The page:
in which he collaborated so successfully with Baldwin, had
a tough time of it passing. He was thrown for losses four or
five times by green-clad Colts who swarmed him down. Burk, who did all of Baltimore's pitching, got fairly good protection on the other hand, and except for a little shaky receiving might have had an even better record than the 18 out of 36 he completed. Rote completed 10 of 20. The touchdown nullified by the clipping penalty set the scoring wheels in motion. The Colts immediately started their successful march on a mixture of running and passing. They began on their own 25 and picked up successive first downs on their 46 and Green Bay's 43, 27, 14 and four. From the four, the Colts picked up only two yards on three rushing plays, then went into the air on fourth down with the pay-off pass to Owens. They came right back after this, and threatened again, reaching Green Bay's 34, but, with only seconds left, they elected to gamble on a fourth down pass and lost the ball. It was a fatal gamble. Only 22 seconds were left here, but the Packers made the most of them. Baldwin made the first of his spectacular catches to bring the ball to the 10, and Canadeo, on the very next play, with eight seconds left, caught a pass as he fell into the coffin corner of the end zone to tie the score. The second of Baldwin's spectacular catches gave the Packers their second touchdown late in the third quarter. Stone, defending deep, apparently had the ball, but it bounced away from him, and the lunging Baldwin scooped it up and easily ran across the goal. Fritsch's field goal followed early in the fourth period and for a few seconds the Packers seemed safely in. Mutryn uncorked his great run on the subsequent kickoff, however, and it became a contest again. But that completed the scoring. Fritsch added the extra point after the first touchdown, but miss the second - Rex Grossman, the kicking specialist, added both of Baltimore's points, making it 66 straight in league competition. In a sense, though, Grossman was also something of a goat. With an easy placement from 22 yards out early in the third period, he sent the kick to the left of the uprights - the kick that would have won.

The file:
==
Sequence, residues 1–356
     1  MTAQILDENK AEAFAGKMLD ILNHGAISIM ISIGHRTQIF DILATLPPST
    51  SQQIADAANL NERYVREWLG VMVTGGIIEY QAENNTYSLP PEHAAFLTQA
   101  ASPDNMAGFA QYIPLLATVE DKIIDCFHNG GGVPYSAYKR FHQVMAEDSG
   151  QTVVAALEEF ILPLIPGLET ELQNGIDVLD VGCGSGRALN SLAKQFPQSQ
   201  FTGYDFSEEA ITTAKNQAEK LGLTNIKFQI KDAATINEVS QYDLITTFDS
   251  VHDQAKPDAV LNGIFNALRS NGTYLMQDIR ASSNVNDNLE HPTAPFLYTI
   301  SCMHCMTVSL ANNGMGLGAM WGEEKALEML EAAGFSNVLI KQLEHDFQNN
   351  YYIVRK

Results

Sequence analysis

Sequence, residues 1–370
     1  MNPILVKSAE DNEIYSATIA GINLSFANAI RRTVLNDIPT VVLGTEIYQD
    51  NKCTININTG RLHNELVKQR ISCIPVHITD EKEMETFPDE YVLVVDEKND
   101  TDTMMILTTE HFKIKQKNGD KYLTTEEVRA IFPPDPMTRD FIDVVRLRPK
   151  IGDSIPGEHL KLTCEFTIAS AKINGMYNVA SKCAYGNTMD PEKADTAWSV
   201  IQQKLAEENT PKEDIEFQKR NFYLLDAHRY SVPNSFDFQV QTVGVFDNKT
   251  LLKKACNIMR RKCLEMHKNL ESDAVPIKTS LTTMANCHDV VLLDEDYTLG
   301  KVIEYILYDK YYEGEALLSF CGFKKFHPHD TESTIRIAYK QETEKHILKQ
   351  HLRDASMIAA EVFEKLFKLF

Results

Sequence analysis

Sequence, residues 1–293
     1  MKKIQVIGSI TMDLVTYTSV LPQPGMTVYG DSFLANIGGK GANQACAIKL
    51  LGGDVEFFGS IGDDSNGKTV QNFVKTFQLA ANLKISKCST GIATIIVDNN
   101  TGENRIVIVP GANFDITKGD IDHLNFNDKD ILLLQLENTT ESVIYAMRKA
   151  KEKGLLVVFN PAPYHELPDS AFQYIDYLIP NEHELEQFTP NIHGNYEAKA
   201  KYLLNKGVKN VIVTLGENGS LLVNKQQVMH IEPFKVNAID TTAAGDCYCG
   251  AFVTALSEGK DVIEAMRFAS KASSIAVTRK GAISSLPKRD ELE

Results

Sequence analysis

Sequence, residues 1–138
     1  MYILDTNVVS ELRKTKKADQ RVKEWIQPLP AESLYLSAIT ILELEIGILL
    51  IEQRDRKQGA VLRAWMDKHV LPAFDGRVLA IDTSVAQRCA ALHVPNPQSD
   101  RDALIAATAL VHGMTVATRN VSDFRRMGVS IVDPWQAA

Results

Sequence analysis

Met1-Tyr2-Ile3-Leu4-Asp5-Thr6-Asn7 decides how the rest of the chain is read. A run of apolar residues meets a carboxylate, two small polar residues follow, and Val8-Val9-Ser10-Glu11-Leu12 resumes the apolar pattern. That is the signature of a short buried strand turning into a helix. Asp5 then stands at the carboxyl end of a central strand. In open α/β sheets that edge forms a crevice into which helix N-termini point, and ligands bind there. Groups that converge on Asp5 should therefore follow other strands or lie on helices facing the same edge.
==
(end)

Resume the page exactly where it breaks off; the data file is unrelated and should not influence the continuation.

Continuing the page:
BALTIMORE -   0  7  0  7  - 14
GREEN BAY -   0  7  3  6  - 16
2nd - BALT - Jim Owens, 2-yd pass fr Adrian Burk (Rex Grossman kick)  BAL 7-0
2nd - GB - Canadeo, 10-yard pass from Rote (Fritsch kick)  TIED 7-7
3rd - GB - Baldwin, 47-yard pass from Rote (Kick failed)  GREEN BAY 13-7
4th - GB - Fritsch, 14-yard field goal  GREEN BAY 16-7
4th - BALT - Chet Mutryn, 100-yard kickoff return (Kick good)  GREEN BAY 17-14
Packers for next Sunday's league opener in Green Bay, hinted around the possibility of a deal with Green Bay. "Now, that No. 19 you got," he said. "What's his name again? Baldman or Baldwin or something like that? Would you consider a deal for him?" "Oh, sure," Ronzani replied. "Now, let's see. You fellows got Bobby Layne and Bill Hart and...Well, look, if you're really serious, you give us Layne and Hart and you can have him - and the name is Baldwin." Baldwin is a big fellow - not only tell, 6 feet 2 inches, but husky, 210 pounds. He is fast - ran the hundred in college in 9.8. He has springy legs. He has good hands. And above all, which puts him in that higher echelon of pass receivers, he has the knack, born of explosively quick reactions and sticky fingers, of catching any ball thrown near him. Two of the three passes he snagged Sunday had been deflected - one, in fact, had been almost intercepted. Baldwin is no newcomer to professional ball. Behind him lie three years with the Buffalo Bills in the defunct All-America conference. In both 1949 and 1948 he ranked second